The secret is out. Interim coach Leslie Frazier wants to pull back on the passing game and re-emphasize the run. That approach was clearly evident during Sunday's game, as the Vikings ran a season-high 38 times, even giving rookie tailback Toby Gerhart 22 carries after Adrian Peterson departed with an ankle injury. Monday, Frazier said he wants to have a "dominant run defense" and a "dominant run offense," the original tenets of former coach Brad Childress. "We lost our identity along the way," Frazier said. In reality, the Vikings transformed themselves because of the remarkable success quarterback Brett Favre had as a passer last season. But this is a different year. And more than anything, I think Frazier recognized that he needed to limit Favre's impact after committing 22 turnovers in their first 11 games. This is a passing league, but the Vikings have proved this season that they couldn't be a passing team.
It sounds like the Vikings are still gathering information on Peterson's sprained ankle. Frazier said he wants to see what, if anything, Peterson can do in practice on Wednesday. But you're talking about a running back with an ankle injury significant enough that the Vikings' medical staff wouldn't let him back into the game Sunday. Peterson has missed only two games in his career, both in 2007 when he tore the lateral collateral ligament in his knee, and has an enormous pain threshold. But at the very least, you would think the Vikings will have more depth available to them Sunday against the Buffalo Bills. Backups Gerhart and Albert Young should both be on alert.
It didn't necessarily show up in the box score, but defensive tackle Kevin Williams had what Frazier termed his best game of the season. Williams knocked down three passes, but more importantly, he spearheaded a defense that limited the Redskins to 29 yards rushing on 13 carries, none that went for longer than four yards. I realize the Redskins were playing without Clinton Portis and Ryan Torain, but those are the types of numbers the Vikings put up during their consecutive NFC North titles runs. And it's obviously something Frazier wants to resurrect during his tenure.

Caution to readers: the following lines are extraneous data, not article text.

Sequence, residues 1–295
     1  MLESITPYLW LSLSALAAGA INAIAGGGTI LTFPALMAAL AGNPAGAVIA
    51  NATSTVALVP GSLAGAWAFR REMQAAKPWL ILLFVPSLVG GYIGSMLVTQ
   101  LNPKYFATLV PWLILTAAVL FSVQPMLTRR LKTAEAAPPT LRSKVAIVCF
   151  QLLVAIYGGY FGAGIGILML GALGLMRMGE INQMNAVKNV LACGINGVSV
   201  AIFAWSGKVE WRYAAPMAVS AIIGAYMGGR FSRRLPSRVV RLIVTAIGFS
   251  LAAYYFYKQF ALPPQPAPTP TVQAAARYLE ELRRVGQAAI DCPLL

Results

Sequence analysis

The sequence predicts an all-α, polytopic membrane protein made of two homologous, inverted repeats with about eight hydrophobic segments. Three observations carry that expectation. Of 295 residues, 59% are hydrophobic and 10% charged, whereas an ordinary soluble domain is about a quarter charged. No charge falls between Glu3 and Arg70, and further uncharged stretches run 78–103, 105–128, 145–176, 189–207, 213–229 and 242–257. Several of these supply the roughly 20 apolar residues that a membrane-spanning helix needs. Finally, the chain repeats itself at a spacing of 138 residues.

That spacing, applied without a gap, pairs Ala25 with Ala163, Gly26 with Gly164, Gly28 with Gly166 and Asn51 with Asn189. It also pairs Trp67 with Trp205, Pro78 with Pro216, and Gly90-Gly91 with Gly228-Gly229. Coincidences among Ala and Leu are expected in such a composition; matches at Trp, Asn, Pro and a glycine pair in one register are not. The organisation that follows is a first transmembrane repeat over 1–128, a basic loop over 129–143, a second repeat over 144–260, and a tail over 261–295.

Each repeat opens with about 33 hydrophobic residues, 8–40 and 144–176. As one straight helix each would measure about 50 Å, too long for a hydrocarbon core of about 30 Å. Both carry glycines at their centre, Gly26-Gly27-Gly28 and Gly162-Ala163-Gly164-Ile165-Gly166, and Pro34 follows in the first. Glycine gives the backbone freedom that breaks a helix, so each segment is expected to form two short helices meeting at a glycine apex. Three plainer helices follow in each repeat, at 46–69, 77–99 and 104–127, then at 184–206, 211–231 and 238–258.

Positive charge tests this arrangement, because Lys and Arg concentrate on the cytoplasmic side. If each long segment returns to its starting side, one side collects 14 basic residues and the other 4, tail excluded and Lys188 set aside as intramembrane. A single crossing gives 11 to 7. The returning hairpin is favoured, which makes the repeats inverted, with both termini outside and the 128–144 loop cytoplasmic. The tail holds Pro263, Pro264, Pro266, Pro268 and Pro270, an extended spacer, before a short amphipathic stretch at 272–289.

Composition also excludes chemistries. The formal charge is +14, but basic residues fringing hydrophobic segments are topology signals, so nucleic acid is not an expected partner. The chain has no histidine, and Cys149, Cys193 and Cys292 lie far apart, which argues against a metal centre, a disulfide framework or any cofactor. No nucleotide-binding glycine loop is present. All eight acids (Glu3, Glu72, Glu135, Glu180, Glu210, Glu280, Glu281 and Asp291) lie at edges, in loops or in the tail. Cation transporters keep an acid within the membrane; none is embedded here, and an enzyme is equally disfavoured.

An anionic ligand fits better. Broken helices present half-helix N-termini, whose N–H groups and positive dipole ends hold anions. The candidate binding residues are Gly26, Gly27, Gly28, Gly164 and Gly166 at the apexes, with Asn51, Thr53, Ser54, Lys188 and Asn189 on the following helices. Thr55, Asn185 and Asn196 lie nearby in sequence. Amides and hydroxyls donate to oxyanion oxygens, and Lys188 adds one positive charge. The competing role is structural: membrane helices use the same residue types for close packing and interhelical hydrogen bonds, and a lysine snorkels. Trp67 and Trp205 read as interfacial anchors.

And here is one issue I don't get:
When we watch the Vikings over this final stretch, how much of what they do will be emblematic of Frazier's long-term vision? And how much will just be his attempt to win games with the infrastructure he inherited? It's an important distinction. It was prudent to pull back on Favre this week. But is Frazier a conservative, run-first coach? Or does he just see it as the best path for this team? At some point, Vikings owner Zygi Wilf will make an evaluation of Frazier's performance and determine if it's worthy of the permanent job. Will he get what he sees? Or will he get a pragmatist? Either option is fine. It's just important to know.